Ruth meets Boaz, detail
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The Book of Ruth is filled with irony, double entendres, drama and even humor. In Chapter 1 there is a hidden discussion between Naomi and her daughters-in-law. She wants them to come with her; they are all the family she has left, yet she knows that Bethlehemite society is not accepting of strangers, especially Moabite women (as is obvious from Chapter 4:6). Unable to say this directly, she hints of it in an ironic statement: "Turn back my daughters, go your way, for I am too old to have a husband. For even if there were hope [for marriage] and [I were to conceive] tonight and bear children, would you wait for them to grow up?"[16] Why would her daughters-in-law expect her to produce husbands for them? Obviously, Naomi knows how difficult it will be for them to remarry in Bethlehem. Orpah gets the massage and returns home, while Ruth clings to Naomi.

Chapter 2 includes a humorous description of Ruth's being unaccustomed Judean culture: And she went and gleaned in the field after the reapers.[17] In Hebrew, the word "reapers" is masculine gender. It appears that Ruth, unacquainted with Judean customs of modesty, went gleaning in the field behind the male reapers. It also appears that out of courtesy, no one said anything to her. Boaz came from the city and noticing this unusual event asked right away: "To whom is this girl?"[18] The reaper, possibly embarrassed to have allowed such a situation, covered up for himself with the excuse, "She is a Moabite girl who came with Naomi from the fields of Moab," meaning — she is a foreigner, so obviously she does not know how to act. Boaz tries to hint to Ruth to glean with the woman reapers. And Boaz said to Ruth: "You have heard my daughter, do not go to glean in another field, do not change places and thus shall you cling to my [reaper] girls."[19] Boaz diplomatically told her to glean in his field but only among the woman reapers. Ruth did not get the message, assuming he was just being kind in inviting her to stay in the field. In the meantime, Boaz told his male reapers to keep their distance from her,[20] and not to embarrass her if she continued to glean among them.[21]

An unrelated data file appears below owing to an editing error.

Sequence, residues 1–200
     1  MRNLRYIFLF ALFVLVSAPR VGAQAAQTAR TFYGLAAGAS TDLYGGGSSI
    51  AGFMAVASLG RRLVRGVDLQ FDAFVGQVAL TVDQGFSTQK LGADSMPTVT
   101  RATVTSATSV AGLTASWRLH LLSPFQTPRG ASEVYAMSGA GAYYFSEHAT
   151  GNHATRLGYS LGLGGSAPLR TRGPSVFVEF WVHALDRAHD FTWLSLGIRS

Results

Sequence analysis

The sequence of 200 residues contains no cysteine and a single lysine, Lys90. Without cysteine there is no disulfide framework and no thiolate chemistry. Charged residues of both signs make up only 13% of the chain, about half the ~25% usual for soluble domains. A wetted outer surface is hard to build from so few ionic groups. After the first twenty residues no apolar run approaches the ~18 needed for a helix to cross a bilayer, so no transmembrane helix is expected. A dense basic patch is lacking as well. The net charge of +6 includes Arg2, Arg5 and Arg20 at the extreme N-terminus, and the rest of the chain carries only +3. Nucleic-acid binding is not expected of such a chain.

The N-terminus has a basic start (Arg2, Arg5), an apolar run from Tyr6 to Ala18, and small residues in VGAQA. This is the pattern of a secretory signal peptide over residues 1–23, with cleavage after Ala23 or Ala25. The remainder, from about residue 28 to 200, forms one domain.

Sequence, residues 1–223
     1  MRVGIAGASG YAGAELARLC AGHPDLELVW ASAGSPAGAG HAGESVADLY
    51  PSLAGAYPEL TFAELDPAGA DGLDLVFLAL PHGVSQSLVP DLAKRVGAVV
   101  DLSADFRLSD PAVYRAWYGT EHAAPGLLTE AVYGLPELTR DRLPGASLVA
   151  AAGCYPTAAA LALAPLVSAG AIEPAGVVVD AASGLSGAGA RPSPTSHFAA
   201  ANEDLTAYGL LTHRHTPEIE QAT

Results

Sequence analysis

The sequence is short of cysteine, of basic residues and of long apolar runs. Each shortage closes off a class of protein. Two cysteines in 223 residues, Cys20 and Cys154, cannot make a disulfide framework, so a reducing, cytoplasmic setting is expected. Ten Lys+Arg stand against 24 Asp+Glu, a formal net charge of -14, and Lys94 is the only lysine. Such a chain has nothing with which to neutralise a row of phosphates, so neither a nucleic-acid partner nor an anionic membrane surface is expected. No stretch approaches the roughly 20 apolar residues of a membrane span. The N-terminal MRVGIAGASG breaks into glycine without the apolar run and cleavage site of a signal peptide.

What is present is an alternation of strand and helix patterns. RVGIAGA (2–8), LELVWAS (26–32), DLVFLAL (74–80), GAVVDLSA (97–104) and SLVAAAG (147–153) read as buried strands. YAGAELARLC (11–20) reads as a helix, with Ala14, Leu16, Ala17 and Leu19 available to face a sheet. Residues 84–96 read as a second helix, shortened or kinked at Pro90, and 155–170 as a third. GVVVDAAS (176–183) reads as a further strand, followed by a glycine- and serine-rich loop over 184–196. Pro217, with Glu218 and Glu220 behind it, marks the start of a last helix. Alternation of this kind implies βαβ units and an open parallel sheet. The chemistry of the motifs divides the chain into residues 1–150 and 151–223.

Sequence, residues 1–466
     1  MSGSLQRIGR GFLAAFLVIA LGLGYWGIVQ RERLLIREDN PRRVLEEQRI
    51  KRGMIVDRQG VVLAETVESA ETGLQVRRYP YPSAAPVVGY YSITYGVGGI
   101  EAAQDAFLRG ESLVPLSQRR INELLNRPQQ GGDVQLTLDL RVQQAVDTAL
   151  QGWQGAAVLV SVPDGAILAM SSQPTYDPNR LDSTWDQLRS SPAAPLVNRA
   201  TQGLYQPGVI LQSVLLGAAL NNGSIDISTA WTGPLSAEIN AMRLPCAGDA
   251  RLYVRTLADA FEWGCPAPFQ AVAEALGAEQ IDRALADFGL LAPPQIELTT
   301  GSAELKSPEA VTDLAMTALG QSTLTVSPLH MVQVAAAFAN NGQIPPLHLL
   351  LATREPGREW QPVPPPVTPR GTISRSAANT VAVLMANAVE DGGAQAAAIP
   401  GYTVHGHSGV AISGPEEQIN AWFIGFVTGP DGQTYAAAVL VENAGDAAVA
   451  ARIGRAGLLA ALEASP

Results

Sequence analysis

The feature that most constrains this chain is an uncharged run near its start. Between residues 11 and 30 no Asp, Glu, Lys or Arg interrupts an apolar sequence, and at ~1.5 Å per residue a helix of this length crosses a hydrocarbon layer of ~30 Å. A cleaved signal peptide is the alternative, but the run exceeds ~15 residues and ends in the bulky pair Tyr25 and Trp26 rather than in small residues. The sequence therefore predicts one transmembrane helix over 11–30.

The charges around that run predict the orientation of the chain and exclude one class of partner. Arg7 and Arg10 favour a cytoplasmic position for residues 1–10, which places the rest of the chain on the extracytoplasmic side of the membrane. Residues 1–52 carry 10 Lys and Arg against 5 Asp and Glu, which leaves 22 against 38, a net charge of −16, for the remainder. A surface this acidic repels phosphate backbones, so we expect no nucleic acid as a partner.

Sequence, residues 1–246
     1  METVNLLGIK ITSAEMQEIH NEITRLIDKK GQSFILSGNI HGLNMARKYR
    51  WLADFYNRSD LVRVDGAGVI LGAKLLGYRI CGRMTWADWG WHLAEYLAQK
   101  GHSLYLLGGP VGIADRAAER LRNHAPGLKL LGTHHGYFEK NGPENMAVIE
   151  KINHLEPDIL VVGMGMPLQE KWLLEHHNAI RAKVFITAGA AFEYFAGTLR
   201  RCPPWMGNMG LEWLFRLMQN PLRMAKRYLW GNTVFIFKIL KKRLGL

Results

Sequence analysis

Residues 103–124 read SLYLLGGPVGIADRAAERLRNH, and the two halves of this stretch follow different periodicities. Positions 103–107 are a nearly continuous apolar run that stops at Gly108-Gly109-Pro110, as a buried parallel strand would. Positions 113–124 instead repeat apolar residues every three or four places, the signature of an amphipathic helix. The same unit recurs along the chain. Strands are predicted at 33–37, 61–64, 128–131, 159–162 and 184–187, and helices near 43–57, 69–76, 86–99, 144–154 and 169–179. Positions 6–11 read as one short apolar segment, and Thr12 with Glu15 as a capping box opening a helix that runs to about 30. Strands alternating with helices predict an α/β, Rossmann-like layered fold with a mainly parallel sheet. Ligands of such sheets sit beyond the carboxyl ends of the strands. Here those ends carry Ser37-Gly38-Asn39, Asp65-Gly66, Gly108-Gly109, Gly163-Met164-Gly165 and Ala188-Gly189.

When Ruth returns home, beaming that Boaz came over to talk to her, she still does not comprehend what she has been told. After telling Naomi about her meeting with Boaz, she says: 'He even told me to cling with his [reaper] boys until the end of the harvest.'[22] Naomi, familiar with the customs of Judah, understands Ruth's mistake right away, and tells her: "Better my daughter that you go out with his girls so that they should not harm you in another field."[23] That is when Ruth realizes what Naomi means: "And she clung to Boaz' girls to glean until the end of the barley and wheat harvest."[24]

excerpted [1] I Chronicles 4:22 [back]
[2] BT Bava Batra [back]
[3] Ruth 1:1 [back]
[4] Ibid., 1:2 [back]
[5] Deut. 23:5 [back]
[6] Lev. 20:17 [back]
[7] Gen. 19:37 [back]
[8] Ruth 1:4 [back]
[9] Ibid., 1:7 [back]
[10] Ibid., 1:15 [back]
[11] Ex. 1:8 [back]
[12] Ruth 1:9 [back]
[13] Ibid., 2:1 [back]
[14] Ibid., 2:5 [back]
[15] Ex. 2:10 [back]
[16] Ruth 1:12-13 [back]
[17] Ibid., 2:3 [back]
[18] Ibid., 2:6 [back]
[19] Ibid., 2:8 [back]
[20] Ibid., 2:9 [back]
[21] Ibid., 2:15 [back]
[22] Ibid., 2:21 [back]
[23] Ibid., 2:22 [back]
[24] Ibid., 2:21-23 [back]
excerpted From The Jewish Bible Quarterly, Vol. XXX:2 (118), April-June 2002. Reprinted with permission from the Jewish Bible Quarterly, POB 29002, Jerusalem, Israel
excerpted Raphael Shuchat is a lecturer in Jewish Philosophy at Bar-Ilan University and at the Rothberg International School at Hebrew University.